where RPsr is an accumulative number of successfully received packets at the sink in each round. The results of throughput for the EEAR are compared with PCRP and EERP in terms of the RPs at the sink.

Fig. 9 shows the analysis of throughput. The RPs of EERP reach 34270 packets. In the PCRP, the RPs reach 27150 packets, while reach 39260 packets in the EEAR. We notice that in the beginning rounds, the EERP receives the highest packets among the others due to transmit frequented data. In the ending rounds, the EEAR achieves more throughput among other mechanisms. The reasons are that the EEAR is the most stable and the longest network lifetime than others.


Figure 9: Analysis of throughput

6  Conclusion and Future Enhancement

Nowadays the wireless body area networks are widely used in many fields including healthcare, sport, entertainment, and the military. In healthcare, there is a significant application of WBANs that remotely serve the doctors and the patients. The doctors can monitor the medical situation of patients automatically, while the patients can follow the medical situation in their residences. Therefore, it is very important to enable efficient utilization and sustainable operation of their resources.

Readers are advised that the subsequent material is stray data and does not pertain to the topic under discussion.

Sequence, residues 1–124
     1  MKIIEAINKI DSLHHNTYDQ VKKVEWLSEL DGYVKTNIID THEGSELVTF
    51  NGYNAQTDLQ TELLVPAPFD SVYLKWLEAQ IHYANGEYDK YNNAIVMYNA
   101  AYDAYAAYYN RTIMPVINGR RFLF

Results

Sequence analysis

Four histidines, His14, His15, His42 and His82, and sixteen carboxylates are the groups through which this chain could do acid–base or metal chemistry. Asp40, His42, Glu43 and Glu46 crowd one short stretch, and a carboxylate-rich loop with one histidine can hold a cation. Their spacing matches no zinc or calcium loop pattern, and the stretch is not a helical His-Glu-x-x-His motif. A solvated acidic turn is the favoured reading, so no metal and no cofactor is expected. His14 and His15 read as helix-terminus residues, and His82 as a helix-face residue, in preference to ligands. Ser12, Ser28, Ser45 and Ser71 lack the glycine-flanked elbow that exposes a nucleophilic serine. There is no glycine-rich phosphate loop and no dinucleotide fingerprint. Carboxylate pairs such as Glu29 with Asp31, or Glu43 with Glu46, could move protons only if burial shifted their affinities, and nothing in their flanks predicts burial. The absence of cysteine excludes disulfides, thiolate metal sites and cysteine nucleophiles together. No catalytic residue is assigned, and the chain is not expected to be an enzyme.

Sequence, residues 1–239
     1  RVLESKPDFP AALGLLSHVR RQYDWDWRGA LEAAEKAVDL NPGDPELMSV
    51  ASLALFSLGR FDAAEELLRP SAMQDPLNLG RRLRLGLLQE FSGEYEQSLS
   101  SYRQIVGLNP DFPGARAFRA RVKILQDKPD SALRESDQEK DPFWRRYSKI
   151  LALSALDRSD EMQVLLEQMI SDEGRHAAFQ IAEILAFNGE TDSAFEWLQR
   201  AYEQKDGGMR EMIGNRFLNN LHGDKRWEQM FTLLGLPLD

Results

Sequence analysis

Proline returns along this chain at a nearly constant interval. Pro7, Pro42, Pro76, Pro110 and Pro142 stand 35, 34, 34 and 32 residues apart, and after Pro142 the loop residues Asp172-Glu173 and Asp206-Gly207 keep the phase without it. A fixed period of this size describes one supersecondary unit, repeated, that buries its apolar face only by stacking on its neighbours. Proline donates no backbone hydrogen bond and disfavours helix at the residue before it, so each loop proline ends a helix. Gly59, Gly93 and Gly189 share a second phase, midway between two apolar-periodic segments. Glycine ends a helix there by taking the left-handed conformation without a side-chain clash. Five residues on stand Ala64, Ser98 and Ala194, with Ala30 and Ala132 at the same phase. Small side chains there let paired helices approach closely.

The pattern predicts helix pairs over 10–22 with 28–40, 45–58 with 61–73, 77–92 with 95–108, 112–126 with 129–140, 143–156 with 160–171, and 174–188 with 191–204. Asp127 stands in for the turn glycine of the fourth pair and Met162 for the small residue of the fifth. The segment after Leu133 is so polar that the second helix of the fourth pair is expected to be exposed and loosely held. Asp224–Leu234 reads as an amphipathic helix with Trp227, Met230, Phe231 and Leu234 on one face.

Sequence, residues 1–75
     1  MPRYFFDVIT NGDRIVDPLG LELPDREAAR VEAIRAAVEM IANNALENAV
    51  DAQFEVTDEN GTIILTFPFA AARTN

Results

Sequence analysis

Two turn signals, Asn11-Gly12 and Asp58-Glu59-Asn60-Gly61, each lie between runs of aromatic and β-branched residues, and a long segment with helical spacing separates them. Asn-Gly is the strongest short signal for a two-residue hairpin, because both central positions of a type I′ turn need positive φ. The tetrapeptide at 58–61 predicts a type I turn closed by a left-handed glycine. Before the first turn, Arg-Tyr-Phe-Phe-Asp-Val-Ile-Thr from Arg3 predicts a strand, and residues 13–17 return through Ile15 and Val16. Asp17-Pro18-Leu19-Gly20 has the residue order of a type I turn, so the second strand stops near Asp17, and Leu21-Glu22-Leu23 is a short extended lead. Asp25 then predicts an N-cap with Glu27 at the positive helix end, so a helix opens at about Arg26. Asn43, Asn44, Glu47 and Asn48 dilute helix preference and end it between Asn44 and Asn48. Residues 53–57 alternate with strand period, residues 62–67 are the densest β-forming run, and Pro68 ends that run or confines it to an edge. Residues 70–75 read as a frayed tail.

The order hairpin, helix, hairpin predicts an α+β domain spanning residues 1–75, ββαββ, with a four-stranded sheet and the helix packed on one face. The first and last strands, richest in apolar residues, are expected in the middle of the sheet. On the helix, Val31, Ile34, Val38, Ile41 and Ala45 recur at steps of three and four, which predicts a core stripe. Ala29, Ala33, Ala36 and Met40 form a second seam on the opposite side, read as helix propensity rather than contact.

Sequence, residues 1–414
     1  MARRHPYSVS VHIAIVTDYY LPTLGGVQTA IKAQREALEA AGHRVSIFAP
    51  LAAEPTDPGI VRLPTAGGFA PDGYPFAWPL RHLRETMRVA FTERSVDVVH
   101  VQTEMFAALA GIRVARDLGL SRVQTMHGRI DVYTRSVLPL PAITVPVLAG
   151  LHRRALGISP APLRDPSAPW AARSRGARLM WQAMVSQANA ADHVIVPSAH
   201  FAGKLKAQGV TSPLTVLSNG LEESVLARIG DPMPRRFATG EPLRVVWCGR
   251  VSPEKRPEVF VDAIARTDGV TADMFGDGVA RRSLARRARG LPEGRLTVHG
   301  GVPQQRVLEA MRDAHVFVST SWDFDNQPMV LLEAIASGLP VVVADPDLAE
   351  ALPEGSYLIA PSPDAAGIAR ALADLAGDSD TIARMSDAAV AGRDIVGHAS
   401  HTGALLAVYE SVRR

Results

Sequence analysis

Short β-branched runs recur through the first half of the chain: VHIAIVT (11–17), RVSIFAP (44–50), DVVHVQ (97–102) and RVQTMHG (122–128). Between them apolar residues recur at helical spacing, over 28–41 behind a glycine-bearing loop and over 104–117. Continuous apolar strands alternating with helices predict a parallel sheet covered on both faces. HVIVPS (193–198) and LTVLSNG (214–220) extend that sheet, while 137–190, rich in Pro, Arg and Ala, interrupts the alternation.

Indeed, the sensor nodes have a limited battery capacity that cannot be replaced or periodically recharged. In our study, we proposed an Efficient Energy Aware Routing mechanism (EEAR) to overcome the previous limitation. EEAR constructs the PSF to choose an optimum next hop node and develops the aggregation and filtration technique. Moreover, EEAR implements the hybrid harvesting technique to ensure sustainable energy. Many experiments are conducted and the comparisons of EEAR with PCRP and EERP are performed. The results proved that the EEAR is the most suitable routing mechanism for WBANs due to extending the network lifetime, balancing network traffic load, and reducing energy consumption.

The routing design of WBAN needs further enhancement at present; therefore, the following new research directions are recommended that are closely related to energy efficiency:

•   Develop the mechanism to be suitable for the dynamic movement of the body as the mobility has a further impact on the energy consumption.

•   Design a lightweight method capable to deal with the memory of the node in an efficient way during aggregation and filtration of the packet.

•   Add other parameters related to energy consumption to the cost function leading to the selection of the efficient next hop node.

Funding Statement: The authors received no specific funding for this study.

Conflicts of Interest: The authors declare that they have no conflicts of interest to report regarding the present study.